Korean President Moon Jae-in, right, and Kazakh President Kassym-Jomart Tokayev bump fists ahead of their summit at the Blue House in central Seoul Tuesday. [YONHAP]

Korean President Moon Jae-in, right, and Kazakh President Kassym-Jomart Tokayev bump fists ahead of their summit at the Blue House in central Seoul Tuesday. [YONHAP]

 
“Kazakhstan is a country we are grateful to for warmly embracing the relocation of our Korean compatriots 80 years ago,” said Moon in the joint press conference. “Today, more than 100,000 Korean compatriots contribute to the national development of Kazakhstan and serve as a bridge that connects our two countries closer.”
 
He referred to Soviet leader Joseph Stalin's forced deportation of Koreans from the Russian Far East starting in 1937. Some 172,000 Koreans eventually settled in Kazakhstan.
 
Referring to the ethnic Koreans in his country, Tokayev said, “These people are contributing a lot to the cooperation between Kazakhstan and Korea. We highly appreciate Korea as a key partner and plan to develop this relationship in the future.”
 
Tokayev noted that over the past 15 years, Korean investors including Samsung, Lotte and Posco have invested more than $6 billion into Kazakhstan. There are over 550 Korean companies active in Kazakhstan.
 
Tokayev said there has been a surge in the sales of Hyundai and Kia vehicles in Kazakhstan and added he is especially interested in the assembly and construction of electric vehicles (EVs) and the production of EV batteries, as well as Korea’s hydrogen vehicle technology.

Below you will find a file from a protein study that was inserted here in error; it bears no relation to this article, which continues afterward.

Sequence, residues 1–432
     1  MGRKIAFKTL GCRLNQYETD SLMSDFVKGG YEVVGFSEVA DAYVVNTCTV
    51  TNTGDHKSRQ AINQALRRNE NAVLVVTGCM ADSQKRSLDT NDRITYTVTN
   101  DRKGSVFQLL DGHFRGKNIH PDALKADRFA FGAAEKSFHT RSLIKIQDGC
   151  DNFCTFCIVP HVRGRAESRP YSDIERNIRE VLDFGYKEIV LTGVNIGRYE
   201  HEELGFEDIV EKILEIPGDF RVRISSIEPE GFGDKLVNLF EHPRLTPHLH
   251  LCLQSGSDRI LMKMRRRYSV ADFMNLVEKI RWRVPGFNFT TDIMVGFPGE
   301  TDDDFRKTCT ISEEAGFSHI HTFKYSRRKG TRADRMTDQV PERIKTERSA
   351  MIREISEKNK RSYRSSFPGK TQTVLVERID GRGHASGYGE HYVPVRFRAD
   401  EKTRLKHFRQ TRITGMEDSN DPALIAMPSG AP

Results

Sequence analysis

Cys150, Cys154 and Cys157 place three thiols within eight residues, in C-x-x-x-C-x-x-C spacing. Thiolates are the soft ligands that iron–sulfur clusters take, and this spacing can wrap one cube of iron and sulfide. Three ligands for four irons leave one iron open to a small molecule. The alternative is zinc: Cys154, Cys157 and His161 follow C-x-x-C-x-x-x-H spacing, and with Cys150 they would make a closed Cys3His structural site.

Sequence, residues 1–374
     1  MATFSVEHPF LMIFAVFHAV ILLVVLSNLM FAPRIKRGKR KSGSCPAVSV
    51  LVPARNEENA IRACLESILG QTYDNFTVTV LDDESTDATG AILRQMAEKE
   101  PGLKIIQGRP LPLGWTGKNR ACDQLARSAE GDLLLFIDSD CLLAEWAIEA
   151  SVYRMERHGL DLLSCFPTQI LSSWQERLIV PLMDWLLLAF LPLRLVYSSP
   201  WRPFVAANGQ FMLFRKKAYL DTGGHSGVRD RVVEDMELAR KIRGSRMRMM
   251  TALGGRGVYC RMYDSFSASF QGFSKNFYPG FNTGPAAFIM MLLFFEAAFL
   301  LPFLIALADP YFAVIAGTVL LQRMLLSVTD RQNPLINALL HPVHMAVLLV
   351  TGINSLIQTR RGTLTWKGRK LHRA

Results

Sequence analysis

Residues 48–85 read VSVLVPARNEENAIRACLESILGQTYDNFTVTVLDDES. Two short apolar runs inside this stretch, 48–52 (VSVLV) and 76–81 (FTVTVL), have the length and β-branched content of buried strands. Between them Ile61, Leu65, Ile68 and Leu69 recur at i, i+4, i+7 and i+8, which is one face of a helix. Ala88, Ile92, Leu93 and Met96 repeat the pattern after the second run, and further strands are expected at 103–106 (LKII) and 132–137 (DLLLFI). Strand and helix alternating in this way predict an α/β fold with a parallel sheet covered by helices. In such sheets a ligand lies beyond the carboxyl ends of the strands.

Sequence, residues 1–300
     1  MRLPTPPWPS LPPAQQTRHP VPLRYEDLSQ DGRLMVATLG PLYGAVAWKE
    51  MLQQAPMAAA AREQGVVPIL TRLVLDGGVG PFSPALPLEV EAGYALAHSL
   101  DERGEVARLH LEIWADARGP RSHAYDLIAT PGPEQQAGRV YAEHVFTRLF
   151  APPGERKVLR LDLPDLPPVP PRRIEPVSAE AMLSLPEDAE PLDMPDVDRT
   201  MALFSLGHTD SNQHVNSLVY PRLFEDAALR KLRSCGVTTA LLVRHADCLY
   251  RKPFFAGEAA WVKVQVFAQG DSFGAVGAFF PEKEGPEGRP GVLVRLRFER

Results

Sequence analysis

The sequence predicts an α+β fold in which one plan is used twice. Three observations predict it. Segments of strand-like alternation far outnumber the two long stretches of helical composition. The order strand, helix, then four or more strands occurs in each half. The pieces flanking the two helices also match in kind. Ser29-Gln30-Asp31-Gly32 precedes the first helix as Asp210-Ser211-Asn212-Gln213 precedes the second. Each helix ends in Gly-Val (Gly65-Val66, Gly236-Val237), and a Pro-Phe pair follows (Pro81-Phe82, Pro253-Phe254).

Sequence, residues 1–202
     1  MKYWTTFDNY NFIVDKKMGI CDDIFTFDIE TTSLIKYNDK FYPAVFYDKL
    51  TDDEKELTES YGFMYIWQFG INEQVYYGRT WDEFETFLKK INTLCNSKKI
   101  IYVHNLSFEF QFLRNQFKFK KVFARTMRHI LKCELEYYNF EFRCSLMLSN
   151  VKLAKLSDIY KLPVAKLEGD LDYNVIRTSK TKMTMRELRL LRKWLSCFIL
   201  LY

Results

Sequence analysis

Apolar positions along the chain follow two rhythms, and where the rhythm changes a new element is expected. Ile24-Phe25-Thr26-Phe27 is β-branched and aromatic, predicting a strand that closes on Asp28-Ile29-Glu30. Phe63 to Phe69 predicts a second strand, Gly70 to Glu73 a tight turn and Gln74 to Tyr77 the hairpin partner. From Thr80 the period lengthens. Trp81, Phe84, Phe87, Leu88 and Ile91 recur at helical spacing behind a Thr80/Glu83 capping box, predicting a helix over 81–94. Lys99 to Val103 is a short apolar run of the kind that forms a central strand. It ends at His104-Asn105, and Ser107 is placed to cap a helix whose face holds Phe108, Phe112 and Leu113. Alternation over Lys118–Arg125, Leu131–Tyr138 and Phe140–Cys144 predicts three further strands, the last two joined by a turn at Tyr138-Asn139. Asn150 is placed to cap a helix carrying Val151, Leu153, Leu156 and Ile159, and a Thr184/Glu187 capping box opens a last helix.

He noted that there is a lot of potential in the agricultural and mining industries in Kazakhstan, including for rare minerals, and a strong demand in the innovation sector, namely the telecommunications and pharmaceutical sectors.
 
In the IT and digital field, Tokayev said that Kazakhstan is interested in e-government, an electronic payment system and fintech.  
 
Moon also posthumously awarded the Order of Merit for National Foundation to Korean independence fighter Hong Beom-do in a ceremony at the Blue House attended by Tokayev.  
 
Hong (1868-1943) served as a commander of the Korean Independence Army during Japan's 1910-45 colonial rule and is especially known for his heroics leading the Korean independence troops to victory in the Battle of Fengwudong against Japanese forces in Manchuria, currently in northeastern China, in 1920.  
 
Hong lived in the Soviet Union until he was forced to relocate to Kazakhstan and died there in 1943. He was buried at a cemetery in Kyzylorda, Kazakhstan.  
 
The late general’s remains were repatriated from Kazakhstan Sunday, on Liberation Day, ahead of Tokayev’s visit.
 
Moon expressed his gratitude, saying that the return of the remains is a “symbolic event to further develop the relationship” between the two countries. He also received relics related to Hong from Tokayev.
 
Tokayev said that "historical events have strengthened cooperation between the people of our two countries,” adding that the repatriation of Hong’s remains was “a sign of mutual trust and support.”
 
He also announced Kazakhstan’s decision to open a consulate general in Busan, calling the outcome of the summit “an important historical day for our country.”
 
The two leaders attended a signing ceremony for five memorandums of understanding (MOUs) on cooperation for records management, trade, water resource management, preserving Hong Beom-do’s grave and the establishment of an economic cooperation committee.
 
Tokayev also attended a Korea-Kazakhstan business roundtable and a state banquet hosted by Moon, wrapping up his visit to Seoul.

BY SARAH KIM [kim.sarah@joongang.co.kr]